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Working with Dogs that Become Distracted While Heeling

Imagine walking in your neighborhood and it is a beautiful day the wind is blowing slightly. A car goes by the noise distracts you. You walk a little farther, you smell beef barbecuing and it makes your mouth water. You hear children in the distance laughing and calling to one another. All of these noises, movements, smells, sights and touches are distractions. The same is true for our dogs or puppies. They are distracted by smells, sights, sounds, motion or the touch sensations. The reactions are not much different then ours. Dogs may sniff at the different smells. Bark at something they may want to warn you about, or turn to look at something. The only time this may seem bothersome to us is if they pull us by the leash, bark too loudly, or cause us to become impatient. How do you work with a distraction that may be causing your dog to over react? One of the rules is to go the opposite direction of the distraction but this can ruin your walk if you are constantly going the opposite direction. Here is a list of dog training suggestions we at “Angel Dogs” put together to help you learn how to work with distractions.

How to Diminish the Dog Distractions:

• Decide which distraction you want to work on, for example; bouncing balls, children playing in the yards, a dog approaching in the distance, etc
• Let say you want to work on a dog approaching. You need a partner who will have a neutral dog on leash sitting in the distance
• First you need to see how close you can come to the neutral dog before your dog starts to react this is referred to as the safe training zone, the distance between the dog and the distraction where you have control
• Then you begin to work your dog in that safety zone with basic obedience you can use a training clicker as a distraction and treats
• Start with short training sessions and slowly increase the time
• When you feel comfortable in that safety zone then you may decide to go closer or have the neutral dog come closer
• Continue with the basic obedience heel, sit, stay, down and come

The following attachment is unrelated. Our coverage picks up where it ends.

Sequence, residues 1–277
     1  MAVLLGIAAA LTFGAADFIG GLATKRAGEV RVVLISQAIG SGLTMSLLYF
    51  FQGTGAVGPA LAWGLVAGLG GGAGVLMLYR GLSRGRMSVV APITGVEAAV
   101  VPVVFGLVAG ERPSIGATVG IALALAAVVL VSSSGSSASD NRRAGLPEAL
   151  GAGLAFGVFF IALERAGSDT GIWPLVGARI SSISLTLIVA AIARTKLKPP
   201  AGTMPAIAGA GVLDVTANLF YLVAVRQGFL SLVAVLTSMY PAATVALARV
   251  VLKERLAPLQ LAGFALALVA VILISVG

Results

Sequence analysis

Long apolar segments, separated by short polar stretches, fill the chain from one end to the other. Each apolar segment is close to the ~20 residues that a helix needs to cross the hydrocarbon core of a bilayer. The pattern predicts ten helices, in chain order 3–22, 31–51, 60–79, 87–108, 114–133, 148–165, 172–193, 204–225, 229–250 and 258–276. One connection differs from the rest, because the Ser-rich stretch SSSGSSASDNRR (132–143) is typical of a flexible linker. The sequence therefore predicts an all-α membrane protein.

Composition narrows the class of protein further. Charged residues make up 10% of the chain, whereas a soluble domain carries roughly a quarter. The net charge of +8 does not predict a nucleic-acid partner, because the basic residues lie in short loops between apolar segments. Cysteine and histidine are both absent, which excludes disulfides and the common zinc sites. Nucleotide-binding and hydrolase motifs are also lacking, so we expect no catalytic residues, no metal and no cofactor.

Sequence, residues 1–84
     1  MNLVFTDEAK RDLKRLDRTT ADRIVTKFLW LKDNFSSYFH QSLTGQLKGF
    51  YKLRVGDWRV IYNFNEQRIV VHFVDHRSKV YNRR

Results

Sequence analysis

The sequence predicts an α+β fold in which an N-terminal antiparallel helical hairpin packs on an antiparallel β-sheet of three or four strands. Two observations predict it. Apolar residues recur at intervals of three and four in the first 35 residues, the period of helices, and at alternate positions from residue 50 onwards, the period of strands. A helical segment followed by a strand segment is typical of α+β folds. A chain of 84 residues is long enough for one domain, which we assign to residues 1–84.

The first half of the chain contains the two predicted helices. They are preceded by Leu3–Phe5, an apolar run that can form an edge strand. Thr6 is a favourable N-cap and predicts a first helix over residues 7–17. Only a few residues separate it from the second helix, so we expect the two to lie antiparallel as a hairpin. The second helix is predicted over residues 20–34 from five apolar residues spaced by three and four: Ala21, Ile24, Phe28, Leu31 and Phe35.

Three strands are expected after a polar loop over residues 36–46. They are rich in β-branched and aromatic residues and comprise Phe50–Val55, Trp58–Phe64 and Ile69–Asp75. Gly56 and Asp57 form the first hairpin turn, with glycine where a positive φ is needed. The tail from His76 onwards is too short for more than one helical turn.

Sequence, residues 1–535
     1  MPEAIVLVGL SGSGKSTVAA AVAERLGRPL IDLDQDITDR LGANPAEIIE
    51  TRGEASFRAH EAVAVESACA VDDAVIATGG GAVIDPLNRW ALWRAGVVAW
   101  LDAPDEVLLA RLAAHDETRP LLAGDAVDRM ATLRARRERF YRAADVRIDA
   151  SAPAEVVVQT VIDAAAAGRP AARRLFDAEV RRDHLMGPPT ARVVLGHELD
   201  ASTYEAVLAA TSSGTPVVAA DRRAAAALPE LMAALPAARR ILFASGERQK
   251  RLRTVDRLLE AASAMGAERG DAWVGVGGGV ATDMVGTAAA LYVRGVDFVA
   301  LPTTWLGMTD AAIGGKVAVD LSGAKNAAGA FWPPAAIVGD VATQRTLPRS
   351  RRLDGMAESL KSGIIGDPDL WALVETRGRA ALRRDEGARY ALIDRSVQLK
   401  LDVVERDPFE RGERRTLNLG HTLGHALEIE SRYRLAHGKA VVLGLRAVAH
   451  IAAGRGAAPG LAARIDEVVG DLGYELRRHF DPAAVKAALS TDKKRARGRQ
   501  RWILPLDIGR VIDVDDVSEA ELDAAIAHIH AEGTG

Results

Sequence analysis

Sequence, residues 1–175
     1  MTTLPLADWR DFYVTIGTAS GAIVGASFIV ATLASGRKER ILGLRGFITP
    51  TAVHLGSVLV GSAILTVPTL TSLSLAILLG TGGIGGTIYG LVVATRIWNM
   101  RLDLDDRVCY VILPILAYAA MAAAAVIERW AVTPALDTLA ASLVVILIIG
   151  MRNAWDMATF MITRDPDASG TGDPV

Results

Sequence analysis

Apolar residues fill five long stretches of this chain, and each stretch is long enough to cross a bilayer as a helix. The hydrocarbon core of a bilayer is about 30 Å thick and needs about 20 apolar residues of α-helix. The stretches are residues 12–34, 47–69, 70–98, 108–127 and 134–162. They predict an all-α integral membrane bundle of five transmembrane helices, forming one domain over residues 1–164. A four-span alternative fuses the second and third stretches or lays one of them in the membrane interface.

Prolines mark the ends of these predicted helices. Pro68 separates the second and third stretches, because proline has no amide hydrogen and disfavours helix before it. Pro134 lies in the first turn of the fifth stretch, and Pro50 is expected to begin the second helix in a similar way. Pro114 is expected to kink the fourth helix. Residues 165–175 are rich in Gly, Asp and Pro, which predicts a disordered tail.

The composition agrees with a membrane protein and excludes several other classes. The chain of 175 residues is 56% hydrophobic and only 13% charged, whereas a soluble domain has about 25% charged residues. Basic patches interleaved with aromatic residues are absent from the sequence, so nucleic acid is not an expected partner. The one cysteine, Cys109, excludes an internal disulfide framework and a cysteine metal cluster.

• Keep working your dog until the neutral dog can get closer
• Depending on the dog this process can take a few days or a few months do not rush with the lesson plan
• When your dog behaves at all distances around the neutral dog have that dog start walking with its handler with you and your dog, if needed begin with some distance and while on the walk start closing that gap slowly, I suggest side by side training first than later one dog behind the other
• As your dog becomes proficient with this skill add a second dog than a third keep repeating the training schedule as needed
• Skate Board Parks, soccer fields, basketball courts can present another form of distraction, motion and noise which often can get a dog nervous and can be an excellent training area
• First find out how close you can get to the activity than walk your dog back and forth to work off nervous energy and achieve a calmer state
• Spend only a few minutes there and when you leave reward your dog with treats or some form of play
• Throughout the weeks move closer to the activity take your time and make it a positive experience
• Reward your dog for calm energy and if your dog starts to get nervous put more distance from that activity and work in that area
• The more you do this type of training throughout the week the faster the dog will learn that the noises and motion is not going to hurt him

Key items while working with your dog

• Your voice is a great tool to keep your dog’s attention
• Keep your energy level low if you get nervous your dog will get nervous
• A squeaking noise you can make with a dog toy
• dog treats, clicker or a lure such as a ball or tug
• learn the “leave it” command
• basic obedience commands
• Remember to work on distractions daily in order to keep your skills at hand and to condition your dog be persistent, consistent and give lots of praise for a job well done
• Treat your dog or reward your dog in some fashion when he or she is demonstrating good behavior or manners
• Have fun during your dog training session and make it fun for your dog they will learn faster and look forward to training sessions
• Time please do not rush some dogs will learn in days some in months

About Eileen Tonick

Angel Dogs, provides dog training, puppy training, dog agility training, dog obedience training and therapy dog training throughout the Phoenix, Arizona Metro Area.
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